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Publication numberUS3707928 A
Publication typeGrant
Publication dateJan 2, 1973
Filing dateOct 28, 1970
Priority dateOct 28, 1970
Publication numberUS 3707928 A, US 3707928A, US-A-3707928, US3707928 A, US3707928A
InventorsGermer J
Original AssigneeBudd Co
Export CitationBiBTeX, EndNote, RefMan
External Links: USPTO, USPTO Assignment, Espacenet
Vertical railway spring suspension system
US 3707928 A
Abstract
A vertical spring suspension system for transmitting loads from a carbody to a wheel-axle truck. The suspension system includes opposed leaf springs secured to opposite sides of the carbody which extend diagonally beneath the center portion of the carbody to rest on journals which support the wheel-axle unit for rotation. Roller means are provided between the lower ends of the leaf springs and the journals to enable relative movement between the ends of the springs and the truck.
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United States Patent [1 1 Germer 1 Jan.2,1973

[54] VERTICAL RAILWAY SPRING SUSPENSION SYSTEM [75] Inventor:

[73] Assignee: The Budd Company, Philadelphia,

[22] Filed: Oct. 28, 1970 [21] Appl. No.: 84,692

John A. Germer, Doylestown, Pa.

[52] U.S. Cl ..105/210, 104/139, 105/1 A, 105/171, 105/199 R, 105/453, 267/3 [51] Int. Cl ..B6lf 3/00, 1361f 5/02, B61f 5/30 [58] Field of Search ..105/2 R, 171, 174, 210,211, 105/212, 213,1 A,199 R, 453; 267/3;

[56] References Cited UNITED STATES PATENTS 978,517 12/1910 Underwood ..l05/171 1,104,196 7/1914 Jenoi et a1. ..105/210 Wulle ..l05/2 R X Manier ..105/213 Primary Examiner-Gerald M. Forlenza Assistant Examiner-Howard Beltran Attorney-Thomas J. Davenport, Edward M. Farrell, John D. Sowell, Alford L. Truex, Jr. and William R.

Nolte [57] ABSTRACT A vertical spring suspension system for transmitting loads from a carbody to a wheel-axle truck. The

suspension system includes opposed leaf springs secured to opposite sides of the carbody which extend diagonally beneath the center portion of the carbody to rest on journals which support the wheel-axle unit for rotation. Roller means are provided between the lower ends of the leaf springs and the journals to enable relative movement between the ends of the springs and the truck.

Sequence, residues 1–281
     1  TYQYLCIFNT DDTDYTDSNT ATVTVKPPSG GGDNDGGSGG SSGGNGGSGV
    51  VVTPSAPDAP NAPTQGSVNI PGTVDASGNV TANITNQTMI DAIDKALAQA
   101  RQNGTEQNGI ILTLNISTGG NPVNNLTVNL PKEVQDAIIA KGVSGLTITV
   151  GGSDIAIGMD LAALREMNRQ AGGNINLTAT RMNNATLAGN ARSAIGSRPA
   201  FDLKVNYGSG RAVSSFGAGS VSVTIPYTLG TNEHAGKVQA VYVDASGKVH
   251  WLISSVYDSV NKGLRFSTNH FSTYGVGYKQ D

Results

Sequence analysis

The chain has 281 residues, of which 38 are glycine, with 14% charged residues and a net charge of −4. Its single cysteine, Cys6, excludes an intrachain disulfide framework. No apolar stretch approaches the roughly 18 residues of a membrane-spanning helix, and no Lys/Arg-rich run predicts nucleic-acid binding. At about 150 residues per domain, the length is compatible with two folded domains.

5 Claims, 7 Drawing Figures PATENTED 2|975 I 3,707,928

sum 10F 2 INVENTOR.

JOHN A.GERMER MM 12. M

AGENT PATENTED 2 I973 3. 707,928

sum 2 or 2 H I? kTRAvEL i A H95 8 INVENTOR.

JOHN A.GERMER' MM /2. m

AGENT VERTICAL RAILWAY SPRING SUSPENSION SYSTEM This invention relates to spring suspension systems, and more particularly to spring suspension systems for use between a carbody and a wheeled-truck movable along a track.

Heretofore in railroad practice, railcars used in intercity traffic have employed suspension systems between a truck having a bolster and the carbody. These systems have generally proved to be satisfactory where the carbodies have been of large size to carry many passengers and where the curvature of the track has not imposed large yaw forces on the suspension systems. For the local transportation of passengers however from central city locations to city airports, for example, smaller types of cars employing different suspension systems are required. It has been found in some of these systems that due to the circuitous routing to the tracks the undercarriages are subjected to large angular rotations relative to the carbody and as a result the spring suspensions are subjected to large shear forces. In the design of these smaller cars it has been found that undercarriages having bolsters have proved unsatisfactory to accommodate the large relative rotations between the trucks and the carbodies. Moreover the use of such bolsters has proved disadvantageous because of the increased weight added to the car and the increased height of the car floor above the rails.

Still other approaches have attempted to slide the springs on the underside of the carbody, but these have also failed to perform satisfactorily. To slide the springs on the underside of the carbody requires a large surface for the tops of the springs, necessitating that the sliding surfaces be well greased. In this situation the yaw resistance would be dependent on the condition of the sliding surfaces, and protective devices in the nature of boots would be necessary to keep road dirt off the sliding surfaces.